Today every part of the business is subject to new expectations, competitors, channels, threats and opportunities. Every business has the potential to be a digital business. As the numbers of smart, connected devices from phones to cars to wearables are growing, companies that quickly deliver digital solutions or services, and use insights to rapidly optimise their value chain are gaining competitive advantage. Businesses that digitally transform will be able to connect more closely with customers, speed up the pace of innovation and, as a result, claim a greater share of profit in their sectors. In fact, according to a report earlier last year from IDC, the global economic impact of digital transformation to date already exceeds £14 trillion, a staggering 20% of global GDP.
Put simply digital transformation is the trend of enterprises shifting away from traditional systems in favour of digital options to enable major improvements in productivity and unlock new lines of business value creation. In recent years digital transformation has been driven by the explosion of cloud computing, big data, and mobile technologies.
While big data and mobile have driven digital transformation, the cornerstone of it all is cloud.
Flexible, cost efficient and accessible from anywhere, the cloud has already been a transformative technology for many industries. However, while migrating to the cloud is a top priority for virtually all organisations embracing digital transformation projects, the path to get there involves navigating a great many obstacles, especially for those operating in highly-regulated industries. Healthcare, in particular, is at the top of the list.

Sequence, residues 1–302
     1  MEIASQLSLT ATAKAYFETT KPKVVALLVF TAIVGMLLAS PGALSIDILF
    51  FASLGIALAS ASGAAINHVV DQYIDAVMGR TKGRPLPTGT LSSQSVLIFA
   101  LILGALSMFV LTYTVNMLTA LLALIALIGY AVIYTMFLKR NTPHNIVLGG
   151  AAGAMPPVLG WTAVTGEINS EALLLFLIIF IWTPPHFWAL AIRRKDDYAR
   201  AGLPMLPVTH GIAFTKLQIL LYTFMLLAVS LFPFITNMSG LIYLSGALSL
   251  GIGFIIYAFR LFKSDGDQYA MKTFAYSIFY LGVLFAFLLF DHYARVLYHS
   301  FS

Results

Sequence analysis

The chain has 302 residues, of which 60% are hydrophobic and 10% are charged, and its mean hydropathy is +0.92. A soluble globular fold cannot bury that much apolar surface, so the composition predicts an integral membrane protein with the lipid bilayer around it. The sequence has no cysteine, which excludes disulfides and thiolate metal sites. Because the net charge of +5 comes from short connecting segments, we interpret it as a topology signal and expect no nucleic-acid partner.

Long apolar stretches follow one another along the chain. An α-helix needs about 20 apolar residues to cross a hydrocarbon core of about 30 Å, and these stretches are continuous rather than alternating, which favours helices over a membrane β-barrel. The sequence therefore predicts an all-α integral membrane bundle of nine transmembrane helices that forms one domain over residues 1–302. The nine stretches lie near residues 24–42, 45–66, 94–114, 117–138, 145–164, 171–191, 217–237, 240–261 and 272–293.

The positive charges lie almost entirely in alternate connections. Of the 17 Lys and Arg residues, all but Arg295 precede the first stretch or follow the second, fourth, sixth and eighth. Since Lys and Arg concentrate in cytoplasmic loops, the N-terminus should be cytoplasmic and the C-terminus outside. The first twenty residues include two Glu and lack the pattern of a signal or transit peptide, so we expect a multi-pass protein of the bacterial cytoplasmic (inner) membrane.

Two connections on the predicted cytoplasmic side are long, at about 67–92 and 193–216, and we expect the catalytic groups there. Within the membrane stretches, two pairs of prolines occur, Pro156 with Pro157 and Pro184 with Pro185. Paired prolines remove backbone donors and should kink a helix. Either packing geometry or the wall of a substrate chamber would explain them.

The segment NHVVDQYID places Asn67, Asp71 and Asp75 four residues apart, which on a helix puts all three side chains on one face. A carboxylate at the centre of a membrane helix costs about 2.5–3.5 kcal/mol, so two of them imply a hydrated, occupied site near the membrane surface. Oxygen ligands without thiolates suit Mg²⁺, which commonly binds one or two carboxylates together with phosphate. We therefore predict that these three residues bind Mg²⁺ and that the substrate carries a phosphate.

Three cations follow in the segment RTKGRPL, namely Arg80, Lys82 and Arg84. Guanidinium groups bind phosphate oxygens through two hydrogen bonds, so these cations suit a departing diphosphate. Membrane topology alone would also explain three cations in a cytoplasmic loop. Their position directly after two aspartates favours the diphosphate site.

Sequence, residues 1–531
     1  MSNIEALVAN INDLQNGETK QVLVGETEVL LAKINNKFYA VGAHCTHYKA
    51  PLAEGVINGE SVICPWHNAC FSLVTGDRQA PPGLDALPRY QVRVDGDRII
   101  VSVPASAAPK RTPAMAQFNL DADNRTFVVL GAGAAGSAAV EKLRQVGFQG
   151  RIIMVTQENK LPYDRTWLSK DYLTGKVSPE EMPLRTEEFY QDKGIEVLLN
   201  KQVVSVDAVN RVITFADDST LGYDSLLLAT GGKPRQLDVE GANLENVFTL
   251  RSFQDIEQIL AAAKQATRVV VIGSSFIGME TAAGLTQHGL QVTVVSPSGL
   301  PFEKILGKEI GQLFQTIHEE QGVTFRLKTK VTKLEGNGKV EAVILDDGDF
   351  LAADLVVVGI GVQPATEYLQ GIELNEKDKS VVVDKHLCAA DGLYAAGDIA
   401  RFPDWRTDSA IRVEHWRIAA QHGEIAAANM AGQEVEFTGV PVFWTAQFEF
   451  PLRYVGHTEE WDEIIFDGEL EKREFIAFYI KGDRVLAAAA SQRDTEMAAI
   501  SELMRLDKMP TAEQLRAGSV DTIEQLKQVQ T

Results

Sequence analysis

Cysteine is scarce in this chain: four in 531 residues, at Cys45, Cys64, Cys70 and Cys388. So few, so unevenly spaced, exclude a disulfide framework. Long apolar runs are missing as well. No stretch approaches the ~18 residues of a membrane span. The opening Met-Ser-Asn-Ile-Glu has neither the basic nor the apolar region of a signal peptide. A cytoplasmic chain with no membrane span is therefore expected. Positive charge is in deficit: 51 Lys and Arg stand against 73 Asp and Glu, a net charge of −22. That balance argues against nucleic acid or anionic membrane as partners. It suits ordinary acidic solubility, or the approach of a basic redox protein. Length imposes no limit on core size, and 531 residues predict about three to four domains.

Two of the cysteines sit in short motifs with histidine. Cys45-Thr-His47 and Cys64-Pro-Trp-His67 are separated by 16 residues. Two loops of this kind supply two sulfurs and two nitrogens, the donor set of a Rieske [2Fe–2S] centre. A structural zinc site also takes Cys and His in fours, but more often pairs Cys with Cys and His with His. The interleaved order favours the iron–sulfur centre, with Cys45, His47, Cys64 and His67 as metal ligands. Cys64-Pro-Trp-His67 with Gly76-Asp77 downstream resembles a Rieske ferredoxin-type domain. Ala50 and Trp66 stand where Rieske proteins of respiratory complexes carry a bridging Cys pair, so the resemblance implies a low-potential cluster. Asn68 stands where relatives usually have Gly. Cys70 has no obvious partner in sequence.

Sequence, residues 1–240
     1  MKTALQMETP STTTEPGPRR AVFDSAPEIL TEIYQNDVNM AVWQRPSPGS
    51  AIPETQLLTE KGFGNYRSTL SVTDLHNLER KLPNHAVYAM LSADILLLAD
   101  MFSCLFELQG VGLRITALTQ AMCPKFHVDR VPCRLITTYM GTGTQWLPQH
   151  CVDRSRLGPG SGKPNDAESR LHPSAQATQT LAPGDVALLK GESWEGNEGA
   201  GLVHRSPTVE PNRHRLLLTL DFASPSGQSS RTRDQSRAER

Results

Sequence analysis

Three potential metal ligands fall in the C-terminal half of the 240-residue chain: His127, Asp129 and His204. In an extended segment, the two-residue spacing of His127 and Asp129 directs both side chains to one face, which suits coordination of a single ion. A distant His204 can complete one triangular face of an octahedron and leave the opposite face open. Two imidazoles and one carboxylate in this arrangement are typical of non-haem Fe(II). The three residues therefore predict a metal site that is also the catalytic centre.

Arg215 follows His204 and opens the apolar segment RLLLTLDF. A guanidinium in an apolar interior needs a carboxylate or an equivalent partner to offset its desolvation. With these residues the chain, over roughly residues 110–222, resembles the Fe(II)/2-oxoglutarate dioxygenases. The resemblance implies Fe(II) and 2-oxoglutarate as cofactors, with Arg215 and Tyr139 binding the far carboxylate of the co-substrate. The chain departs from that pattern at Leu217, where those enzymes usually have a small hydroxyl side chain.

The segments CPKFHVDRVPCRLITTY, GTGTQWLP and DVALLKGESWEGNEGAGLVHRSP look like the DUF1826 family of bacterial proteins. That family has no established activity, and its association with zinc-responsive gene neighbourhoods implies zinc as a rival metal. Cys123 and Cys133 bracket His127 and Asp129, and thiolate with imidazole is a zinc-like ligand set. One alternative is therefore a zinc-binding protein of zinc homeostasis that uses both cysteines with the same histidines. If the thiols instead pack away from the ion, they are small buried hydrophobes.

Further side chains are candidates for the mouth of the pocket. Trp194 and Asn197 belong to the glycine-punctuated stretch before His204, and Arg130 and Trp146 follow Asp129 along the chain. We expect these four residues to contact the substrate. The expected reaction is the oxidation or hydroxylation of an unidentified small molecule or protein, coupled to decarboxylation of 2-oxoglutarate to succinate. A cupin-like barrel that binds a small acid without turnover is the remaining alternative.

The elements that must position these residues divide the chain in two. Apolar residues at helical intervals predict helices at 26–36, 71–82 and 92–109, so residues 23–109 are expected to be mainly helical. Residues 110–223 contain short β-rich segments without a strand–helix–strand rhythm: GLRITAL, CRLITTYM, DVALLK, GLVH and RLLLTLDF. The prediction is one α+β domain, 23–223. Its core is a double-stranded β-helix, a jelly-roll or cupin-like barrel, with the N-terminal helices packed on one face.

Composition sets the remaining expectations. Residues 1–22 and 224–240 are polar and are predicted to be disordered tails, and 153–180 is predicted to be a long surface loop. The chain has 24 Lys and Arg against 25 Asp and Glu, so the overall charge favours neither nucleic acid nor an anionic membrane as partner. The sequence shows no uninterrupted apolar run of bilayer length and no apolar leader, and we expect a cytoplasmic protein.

Over the past few years, cloud adoption has been on the rise in the healthcare industry. To date, organisations have primarily been testing the waters by focusing on modernising the back-end of their systems, moving financial, operational and HR applications into the cloud. Now there is increasing demand for transforming core healthcare systems and applications in order to improve the quality of patient care with new digital services that empower patients to take control of their own health and reduce costs of operations as well as modernise infrastructure and create a more efficient environment in order to again take costs out. In fact according to a recent study by Accenture, the healthcare industry stands to save over £44 billion in the long-term by making the right strategic technology investments today.
However, as anyone managing IT for a hospital or clinic can tell you, moving to the cloud is not as simple as signing up for a public cloud service. For IT leaders in the healthcare industry, it involves taking into account a wide array of complex factors, including regulatory compliance, information security and organisational change. Indeed, security mandates are increasing due to the upswing in cyberattacks on health providers, you only have to look at the WannaCry ransomware attack last year and how that impacted many NHS hospitals across the UK to see how healthcare and in particular health information and systems are being targeted. This has led many healthcare providers to closely examine enterprise cloud options for hybrid and off-premises deployment models that meet or exceed high security and compliance requirements whilst offering utility-based billing and cloud flexibility.